Of course, central bank buying of corporate bonds is not a blanket guarantee for the entire private sector. Purchase programmes are focussed on the better quality companies – which in the end do make up for a large part of economic activity and employment. But this is good. If the central bank is a buyer of investment grade paper, then private investors should also feel comfortable about buying and holding investment grade credit themselves, notwithstanding the need to do the credit analysis at the individual issuer level. This is playing out as we speak. There has been a huge amount of new issuance in the last couple of weeks in the US and European markets. It has been well received by investors. The yields on offer are higher than what would have been the case before the crisis. But companies need money and are willing to pay for it. In a sense, depending on how long it takes for us to get into some kind of economic recovery, the prospects for some companies are better than they are for some stressed governments where open-ended commitment to supporting incomes and employment is a real burden. Companies are able to furlough staff for some time and thus reduce costs, the government is having to pay for that. After government bonds, investment grade credit remains the safest asset class for now. I am not expecting credit spreads to narrow much and there are bound to be more downgrades and market liquidity is going to remain horrible for some time. But the medium term performance from credit, starting from these currently stressed levels, should be quite attractive.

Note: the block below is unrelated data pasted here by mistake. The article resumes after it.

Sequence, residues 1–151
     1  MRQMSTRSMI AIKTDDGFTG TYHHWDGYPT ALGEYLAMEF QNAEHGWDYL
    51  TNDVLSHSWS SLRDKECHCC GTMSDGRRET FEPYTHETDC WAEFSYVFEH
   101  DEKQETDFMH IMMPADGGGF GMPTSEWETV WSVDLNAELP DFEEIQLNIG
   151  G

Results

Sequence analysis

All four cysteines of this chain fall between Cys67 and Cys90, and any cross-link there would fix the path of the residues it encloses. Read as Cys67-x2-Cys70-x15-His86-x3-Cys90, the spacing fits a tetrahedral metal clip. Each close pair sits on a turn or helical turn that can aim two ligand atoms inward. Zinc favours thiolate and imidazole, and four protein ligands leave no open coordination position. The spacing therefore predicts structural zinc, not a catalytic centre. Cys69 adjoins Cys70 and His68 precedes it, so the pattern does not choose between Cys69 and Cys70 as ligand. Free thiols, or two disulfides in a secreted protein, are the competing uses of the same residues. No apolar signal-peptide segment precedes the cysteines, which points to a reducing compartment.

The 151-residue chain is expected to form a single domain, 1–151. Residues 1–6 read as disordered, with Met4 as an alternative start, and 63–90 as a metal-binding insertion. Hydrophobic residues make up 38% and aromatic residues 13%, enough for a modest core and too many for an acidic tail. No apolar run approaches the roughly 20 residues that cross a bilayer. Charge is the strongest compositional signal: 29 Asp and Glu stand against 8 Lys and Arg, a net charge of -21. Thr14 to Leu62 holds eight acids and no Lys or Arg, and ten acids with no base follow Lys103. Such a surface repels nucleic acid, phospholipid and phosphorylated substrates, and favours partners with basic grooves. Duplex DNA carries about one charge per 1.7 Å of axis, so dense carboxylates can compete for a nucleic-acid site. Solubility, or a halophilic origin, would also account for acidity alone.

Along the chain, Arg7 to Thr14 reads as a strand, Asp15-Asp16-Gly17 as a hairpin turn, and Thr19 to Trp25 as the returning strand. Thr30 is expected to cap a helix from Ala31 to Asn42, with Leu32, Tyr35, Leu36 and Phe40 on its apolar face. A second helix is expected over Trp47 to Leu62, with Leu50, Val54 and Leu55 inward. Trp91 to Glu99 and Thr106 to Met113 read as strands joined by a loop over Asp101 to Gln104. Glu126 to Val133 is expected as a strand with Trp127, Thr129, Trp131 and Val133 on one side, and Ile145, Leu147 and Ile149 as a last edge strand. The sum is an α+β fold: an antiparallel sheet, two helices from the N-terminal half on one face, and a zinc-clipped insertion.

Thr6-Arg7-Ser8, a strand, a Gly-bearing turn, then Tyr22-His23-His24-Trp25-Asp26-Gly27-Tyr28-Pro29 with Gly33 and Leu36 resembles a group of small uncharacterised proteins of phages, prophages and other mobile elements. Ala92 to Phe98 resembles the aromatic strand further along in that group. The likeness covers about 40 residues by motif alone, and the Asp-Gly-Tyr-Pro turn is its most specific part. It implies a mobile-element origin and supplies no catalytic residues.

Eeking out the cash

High yield companies are more leveraged, may operate in sectors where revenue growth is more volatile and have less easy access to funding markets. Traditionally the high yield sector has been where most defaults have been seen as companies burn through cash quickly in recessions and face a rapid closing down of access to refinancing. I’ve discussed high yield a couple of times recently. The cash-flow to the investor is uncertain in some cases and this is reflected in market yields and spreads. Again, the common thing here how long the crisis goes on. An extended period of lock down raises the number of companies that will run out of money and not even government funding can stop that playing out entirely. From an investment point of view holding a diversified exposure to high yield is the best way forward. The valuations are attractive but it could still be ugly.